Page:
Tag Archives: Greek Mythology

Saving Bull (2)

Duomo di Monreale | Art and FaithHistory of the Devil
By Paul Carus, [1900]

THE IDEA OF SALVATION IN GREECE AND ITALY.

Part 1 Here

In the days of Augustus and his successors the people were taught to expect salvation, the dispensation of justice, protection, peace, and prosperity from the emperor; and just as we have to-day monarchies where the king regards himself as the Anointed One by the grace of God and a representative of God on earth, so the Roman emperor arrogated to himself divine honors, and even philosophers such as Seneca did not hesitate to acknowledge the claim. The practical significance of this view is that the government should be regarded with religious awe, and its officers, as such, are divine. The Christians who refused to worship before the emperor’s images must have appeared to the Romans of those days as anarchists and rebels. But when Nero committed matricide and other most outrageous crimes, the belief in the emperor’s divinity dwindled away, and the idea of the suffering God, the man who died on the cross because he would rather be than appear just, gained ground among the people.

Christianity was not the only religion which promised deliverance from evil through the saving power of blood and by means of a vicarious atonement, for we know of the immortality-promising mysteries, and especially of the cult of Mithras, which had embodied many ideas and ceremonies that are also met with in Christianity. Continue reading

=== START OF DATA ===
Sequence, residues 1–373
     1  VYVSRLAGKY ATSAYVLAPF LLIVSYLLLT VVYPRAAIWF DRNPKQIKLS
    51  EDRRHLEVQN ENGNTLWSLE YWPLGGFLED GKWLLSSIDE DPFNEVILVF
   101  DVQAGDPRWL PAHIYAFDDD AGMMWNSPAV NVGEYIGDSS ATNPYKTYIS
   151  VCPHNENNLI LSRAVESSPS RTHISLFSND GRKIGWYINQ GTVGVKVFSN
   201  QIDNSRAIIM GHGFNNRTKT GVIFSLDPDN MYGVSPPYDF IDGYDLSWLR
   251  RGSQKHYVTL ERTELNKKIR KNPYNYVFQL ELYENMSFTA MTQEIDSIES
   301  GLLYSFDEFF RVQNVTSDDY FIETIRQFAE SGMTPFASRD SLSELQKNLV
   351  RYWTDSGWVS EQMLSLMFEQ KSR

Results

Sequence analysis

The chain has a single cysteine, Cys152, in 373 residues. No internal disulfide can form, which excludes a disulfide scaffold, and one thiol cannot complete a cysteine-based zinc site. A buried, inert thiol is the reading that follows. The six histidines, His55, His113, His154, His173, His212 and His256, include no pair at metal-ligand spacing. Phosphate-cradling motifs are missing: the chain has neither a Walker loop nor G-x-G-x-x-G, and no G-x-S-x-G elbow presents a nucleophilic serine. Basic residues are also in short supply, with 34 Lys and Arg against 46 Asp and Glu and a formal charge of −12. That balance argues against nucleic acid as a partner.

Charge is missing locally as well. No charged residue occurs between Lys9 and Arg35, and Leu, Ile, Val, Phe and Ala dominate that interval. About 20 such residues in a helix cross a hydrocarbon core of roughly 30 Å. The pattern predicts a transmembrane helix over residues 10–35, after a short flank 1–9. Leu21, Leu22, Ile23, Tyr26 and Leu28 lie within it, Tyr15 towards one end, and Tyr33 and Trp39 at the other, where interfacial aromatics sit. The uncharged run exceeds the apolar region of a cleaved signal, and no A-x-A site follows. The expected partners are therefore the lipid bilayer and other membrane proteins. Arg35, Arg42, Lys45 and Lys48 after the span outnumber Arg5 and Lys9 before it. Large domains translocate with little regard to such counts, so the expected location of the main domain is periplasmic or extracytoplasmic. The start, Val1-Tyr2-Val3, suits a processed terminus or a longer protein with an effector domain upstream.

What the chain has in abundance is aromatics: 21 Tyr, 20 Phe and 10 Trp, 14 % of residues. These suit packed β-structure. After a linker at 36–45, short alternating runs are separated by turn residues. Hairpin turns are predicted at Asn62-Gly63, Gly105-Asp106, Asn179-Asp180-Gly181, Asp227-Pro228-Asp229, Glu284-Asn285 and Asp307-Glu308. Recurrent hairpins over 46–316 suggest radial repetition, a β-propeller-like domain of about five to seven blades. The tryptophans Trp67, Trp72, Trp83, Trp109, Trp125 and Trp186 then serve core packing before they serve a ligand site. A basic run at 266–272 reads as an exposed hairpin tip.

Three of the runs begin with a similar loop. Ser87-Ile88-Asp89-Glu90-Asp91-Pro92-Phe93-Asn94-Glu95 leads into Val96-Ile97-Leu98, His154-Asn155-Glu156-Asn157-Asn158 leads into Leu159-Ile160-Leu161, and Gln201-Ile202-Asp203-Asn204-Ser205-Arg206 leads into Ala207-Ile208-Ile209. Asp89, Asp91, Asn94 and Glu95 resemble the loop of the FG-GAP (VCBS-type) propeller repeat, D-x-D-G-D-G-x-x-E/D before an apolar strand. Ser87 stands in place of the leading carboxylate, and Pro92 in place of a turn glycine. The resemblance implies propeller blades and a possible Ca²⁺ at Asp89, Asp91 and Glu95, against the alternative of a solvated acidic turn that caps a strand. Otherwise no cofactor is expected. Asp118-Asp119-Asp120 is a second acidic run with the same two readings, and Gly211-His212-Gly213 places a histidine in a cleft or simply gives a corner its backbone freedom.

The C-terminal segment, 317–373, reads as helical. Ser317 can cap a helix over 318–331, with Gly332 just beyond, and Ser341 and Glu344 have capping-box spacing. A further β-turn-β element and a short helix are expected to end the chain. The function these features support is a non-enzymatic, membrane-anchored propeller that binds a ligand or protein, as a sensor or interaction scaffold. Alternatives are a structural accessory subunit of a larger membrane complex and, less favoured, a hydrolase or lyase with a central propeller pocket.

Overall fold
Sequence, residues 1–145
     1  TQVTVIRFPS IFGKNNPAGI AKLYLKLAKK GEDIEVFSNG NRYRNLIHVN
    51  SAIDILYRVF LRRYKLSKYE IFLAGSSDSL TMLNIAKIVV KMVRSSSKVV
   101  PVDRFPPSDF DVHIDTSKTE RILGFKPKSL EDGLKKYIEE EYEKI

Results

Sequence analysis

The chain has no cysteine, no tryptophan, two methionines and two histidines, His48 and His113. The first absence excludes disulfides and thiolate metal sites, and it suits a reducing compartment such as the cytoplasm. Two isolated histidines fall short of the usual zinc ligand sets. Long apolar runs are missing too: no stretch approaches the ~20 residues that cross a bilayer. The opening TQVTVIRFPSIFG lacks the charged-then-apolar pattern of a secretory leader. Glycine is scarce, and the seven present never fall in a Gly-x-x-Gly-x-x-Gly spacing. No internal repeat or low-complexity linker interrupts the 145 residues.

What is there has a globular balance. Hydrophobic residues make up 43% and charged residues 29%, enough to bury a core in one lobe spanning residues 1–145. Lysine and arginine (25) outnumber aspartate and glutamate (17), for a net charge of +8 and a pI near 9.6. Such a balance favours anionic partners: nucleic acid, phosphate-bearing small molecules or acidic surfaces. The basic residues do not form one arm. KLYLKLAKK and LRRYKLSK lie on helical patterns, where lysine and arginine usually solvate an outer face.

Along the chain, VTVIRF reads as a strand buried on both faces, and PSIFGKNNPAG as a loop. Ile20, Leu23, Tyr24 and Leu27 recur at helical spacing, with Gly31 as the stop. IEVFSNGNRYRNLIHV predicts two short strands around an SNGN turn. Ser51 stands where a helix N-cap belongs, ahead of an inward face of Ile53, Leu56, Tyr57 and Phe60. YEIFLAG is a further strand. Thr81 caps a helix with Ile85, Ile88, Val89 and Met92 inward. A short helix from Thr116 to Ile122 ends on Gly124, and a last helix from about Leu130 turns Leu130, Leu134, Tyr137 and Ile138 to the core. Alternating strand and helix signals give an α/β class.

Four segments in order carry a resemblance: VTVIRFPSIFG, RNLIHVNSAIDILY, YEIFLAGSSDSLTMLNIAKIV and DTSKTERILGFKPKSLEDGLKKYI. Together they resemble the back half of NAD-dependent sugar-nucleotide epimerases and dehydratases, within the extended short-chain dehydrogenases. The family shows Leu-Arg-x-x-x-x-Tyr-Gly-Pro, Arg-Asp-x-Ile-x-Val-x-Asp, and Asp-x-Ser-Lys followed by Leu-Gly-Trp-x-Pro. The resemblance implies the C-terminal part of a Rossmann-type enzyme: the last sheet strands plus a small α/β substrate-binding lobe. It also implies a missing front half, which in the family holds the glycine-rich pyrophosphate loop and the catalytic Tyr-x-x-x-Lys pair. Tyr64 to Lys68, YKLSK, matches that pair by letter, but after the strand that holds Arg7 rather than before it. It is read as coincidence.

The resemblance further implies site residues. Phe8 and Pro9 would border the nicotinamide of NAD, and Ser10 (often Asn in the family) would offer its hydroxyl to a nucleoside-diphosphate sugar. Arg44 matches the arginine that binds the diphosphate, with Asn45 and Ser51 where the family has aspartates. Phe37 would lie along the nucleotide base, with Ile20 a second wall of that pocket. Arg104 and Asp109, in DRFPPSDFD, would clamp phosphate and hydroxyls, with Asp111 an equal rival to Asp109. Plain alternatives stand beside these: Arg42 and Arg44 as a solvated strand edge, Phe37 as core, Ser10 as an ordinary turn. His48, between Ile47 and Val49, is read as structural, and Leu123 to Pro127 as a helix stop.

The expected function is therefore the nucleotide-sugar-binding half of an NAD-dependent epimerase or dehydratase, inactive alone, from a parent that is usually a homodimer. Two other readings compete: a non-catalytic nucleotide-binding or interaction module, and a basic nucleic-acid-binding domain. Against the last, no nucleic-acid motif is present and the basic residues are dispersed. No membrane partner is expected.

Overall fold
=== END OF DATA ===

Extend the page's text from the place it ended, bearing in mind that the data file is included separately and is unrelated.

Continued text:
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Salve Tores

Art - Art And Art History 253 with Bent at Washington and Lee University - StudyBlueHistory of the Devil
By Paul Carus, [1900]

p. 193
THE IDEA OF SALVATION IN GREECE AND ITALY.

ἀλλὰ ῥῦσαι ἡμᾶς ἀπὸ τοῦ ποηροῦ.
Matt. vi. 14.

THE first century of [this] era is a time in which the fear of evil leads to the organisation of religious institutions having in view the atonement of sin and the redemption of the soul from the terrors of hell.

The ideas evil, sin, hell, salvation, and immortal life were familiar to the Greek mind even before the days of Plato, but were still mixed up with the traditional mythology. When philosophers began to wage war against the gross idolatry of Greek polytheism, a fermentation set in which prepared the Greek nation for the reception of Christianity. We say “prepared,” but we might just as well say that it resulted in the formation of the Christian Church as an institution to deliver mankind from evil.

The fear of punishment in the life to come led in the days of savagery to human sacrifices as a vicarious atonement. This barbarous practice was abandoned in the progress of civilisation by a substitution of animal victims. But the idea lingered in the minds of the people and was retained in Christianity, where, Continue reading

Erinyes

Erinyes
From Theoi

THE ERINYES were three netherworld goddesses who avenged crimes against the natural order. They were particularly concerned with homicide, unfilial conduct, crimes against the gods, and perjury. A victim seeking justice could call down the curse of the Erinys upon the criminal. The most powerful of these was the curse of the parent upon the child–for the Erinyes were born of just such a crime, being sprung from the blood of Ouranos, when he was castrated by his son Kronos.